Dry eye syndrome (DES) is a common eye problem in the United States, especially for women.
Nearly the health histories with respect to dry eyes of 40,000 women who were part of the Women’s Health Study were assessed and researchers determined that dry eyes is a problem women, from their 40’s to older ages where dry eyes is more common. They looked at the women’s history of diagnosed dry eye symptoms and dry eye syndrome – and defined dry eye syndrome as the presence of dryness and irritation frequently or chronically.
They also found that the risk of dry eye syndrome increases as we age. They found 5.7% occurrence among women younger than 50 years, and 9.8% amount women older than 75. From this information they were able to extrapolate that 7.8% of American women have dry eye syndrome – 3.23 million women 50 or older, as of 2009.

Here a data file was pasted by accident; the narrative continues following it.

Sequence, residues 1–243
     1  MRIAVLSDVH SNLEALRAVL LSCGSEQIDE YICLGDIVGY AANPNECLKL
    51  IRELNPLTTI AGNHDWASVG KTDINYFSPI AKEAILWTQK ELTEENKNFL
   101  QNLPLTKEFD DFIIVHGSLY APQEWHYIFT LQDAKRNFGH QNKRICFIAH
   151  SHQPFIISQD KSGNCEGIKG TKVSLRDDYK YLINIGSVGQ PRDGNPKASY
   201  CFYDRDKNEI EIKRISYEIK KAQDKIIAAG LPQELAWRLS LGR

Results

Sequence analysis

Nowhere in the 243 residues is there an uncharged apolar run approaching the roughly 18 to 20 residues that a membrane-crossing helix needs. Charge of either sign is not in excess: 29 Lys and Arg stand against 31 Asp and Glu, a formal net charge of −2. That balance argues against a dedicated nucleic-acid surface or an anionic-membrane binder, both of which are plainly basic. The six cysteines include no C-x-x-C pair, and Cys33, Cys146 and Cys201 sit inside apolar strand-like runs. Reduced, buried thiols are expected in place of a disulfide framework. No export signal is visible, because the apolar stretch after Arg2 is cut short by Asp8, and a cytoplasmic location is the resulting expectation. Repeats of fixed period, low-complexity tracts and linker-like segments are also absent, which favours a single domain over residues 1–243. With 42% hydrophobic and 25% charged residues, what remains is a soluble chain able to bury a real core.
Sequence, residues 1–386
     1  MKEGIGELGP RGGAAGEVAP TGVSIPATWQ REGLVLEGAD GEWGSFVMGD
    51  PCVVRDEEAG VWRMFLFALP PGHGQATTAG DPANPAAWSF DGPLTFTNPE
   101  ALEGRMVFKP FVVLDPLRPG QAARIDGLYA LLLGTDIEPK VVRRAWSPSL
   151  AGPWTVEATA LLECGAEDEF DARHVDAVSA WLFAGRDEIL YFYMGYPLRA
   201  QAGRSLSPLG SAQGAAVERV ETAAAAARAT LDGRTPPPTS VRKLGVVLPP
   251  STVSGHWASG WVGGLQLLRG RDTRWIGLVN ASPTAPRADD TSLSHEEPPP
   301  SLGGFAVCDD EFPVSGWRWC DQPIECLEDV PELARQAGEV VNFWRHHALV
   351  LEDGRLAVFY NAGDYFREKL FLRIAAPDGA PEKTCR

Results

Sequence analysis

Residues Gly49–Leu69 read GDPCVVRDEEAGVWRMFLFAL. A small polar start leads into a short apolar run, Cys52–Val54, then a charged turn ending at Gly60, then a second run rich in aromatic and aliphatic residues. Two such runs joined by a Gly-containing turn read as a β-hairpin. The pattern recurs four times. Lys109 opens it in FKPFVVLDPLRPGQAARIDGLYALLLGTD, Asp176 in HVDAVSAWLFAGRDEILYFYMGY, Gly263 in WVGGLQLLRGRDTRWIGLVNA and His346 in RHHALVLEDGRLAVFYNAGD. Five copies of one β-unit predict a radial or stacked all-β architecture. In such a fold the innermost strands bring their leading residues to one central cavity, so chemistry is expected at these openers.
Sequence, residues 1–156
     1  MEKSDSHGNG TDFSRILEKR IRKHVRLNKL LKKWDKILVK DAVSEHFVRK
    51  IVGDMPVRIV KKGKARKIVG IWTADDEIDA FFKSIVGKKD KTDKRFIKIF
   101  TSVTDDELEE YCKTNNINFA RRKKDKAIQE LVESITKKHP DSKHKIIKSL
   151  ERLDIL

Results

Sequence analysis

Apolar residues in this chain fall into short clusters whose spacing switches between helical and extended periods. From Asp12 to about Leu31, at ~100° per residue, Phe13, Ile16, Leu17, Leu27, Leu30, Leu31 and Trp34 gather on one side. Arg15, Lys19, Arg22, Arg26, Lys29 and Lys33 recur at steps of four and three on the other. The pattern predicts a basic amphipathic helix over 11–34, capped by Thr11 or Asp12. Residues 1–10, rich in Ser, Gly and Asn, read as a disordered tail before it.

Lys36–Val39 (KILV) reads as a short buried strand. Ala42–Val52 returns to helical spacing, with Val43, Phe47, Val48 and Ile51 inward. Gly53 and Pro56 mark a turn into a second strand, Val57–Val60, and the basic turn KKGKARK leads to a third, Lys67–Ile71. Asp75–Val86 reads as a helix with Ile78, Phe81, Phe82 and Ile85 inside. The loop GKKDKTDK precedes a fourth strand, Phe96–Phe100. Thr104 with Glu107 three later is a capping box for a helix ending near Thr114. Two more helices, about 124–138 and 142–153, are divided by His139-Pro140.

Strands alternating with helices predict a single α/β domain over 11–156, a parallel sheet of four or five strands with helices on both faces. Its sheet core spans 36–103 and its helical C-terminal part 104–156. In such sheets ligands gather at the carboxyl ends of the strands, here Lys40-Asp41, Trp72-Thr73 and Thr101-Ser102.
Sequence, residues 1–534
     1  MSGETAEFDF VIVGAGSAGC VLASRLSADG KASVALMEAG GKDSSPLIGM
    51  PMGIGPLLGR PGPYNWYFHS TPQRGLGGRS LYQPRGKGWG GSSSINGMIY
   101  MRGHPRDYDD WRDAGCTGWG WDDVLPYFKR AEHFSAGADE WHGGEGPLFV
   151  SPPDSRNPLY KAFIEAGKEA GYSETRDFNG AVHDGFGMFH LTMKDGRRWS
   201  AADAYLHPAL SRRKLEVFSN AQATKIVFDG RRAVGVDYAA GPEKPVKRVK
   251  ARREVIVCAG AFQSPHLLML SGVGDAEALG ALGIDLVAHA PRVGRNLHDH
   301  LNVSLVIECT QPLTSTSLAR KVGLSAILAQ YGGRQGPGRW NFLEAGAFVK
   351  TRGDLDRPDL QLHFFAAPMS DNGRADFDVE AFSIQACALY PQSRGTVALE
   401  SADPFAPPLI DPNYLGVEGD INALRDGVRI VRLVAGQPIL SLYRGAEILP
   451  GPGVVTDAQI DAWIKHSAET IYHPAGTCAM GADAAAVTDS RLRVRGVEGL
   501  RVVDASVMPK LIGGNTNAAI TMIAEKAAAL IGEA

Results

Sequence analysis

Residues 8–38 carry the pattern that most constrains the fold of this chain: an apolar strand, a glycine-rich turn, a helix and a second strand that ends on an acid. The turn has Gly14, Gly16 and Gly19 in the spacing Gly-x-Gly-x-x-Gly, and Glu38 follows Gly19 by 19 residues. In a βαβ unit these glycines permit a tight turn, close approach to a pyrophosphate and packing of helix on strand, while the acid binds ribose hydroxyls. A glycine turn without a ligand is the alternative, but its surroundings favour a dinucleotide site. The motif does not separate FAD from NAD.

- They also found that Asian-American and Hispanic women were more likely to report severe symptoms.
- Income differences were insignificant.
- More educated women were less likely to have dry eye syndrome
- Women from the South had the highest rates of dry eye, although the difference was mild.
Learn more about dry eye syndrome, including advice on treatment and nutrition.
Source: Prevalence of dry eye syndrome among US women, Schaumberg, et al, Am J Ophthalmol. 2003 Aug;136(2):318-26.
Researchers: Boston’s Brigham & Women’s Hospital, Schepens Eye Research Institute, Harvard Medical School, and Massachusetts Eye & Ear Infirmary.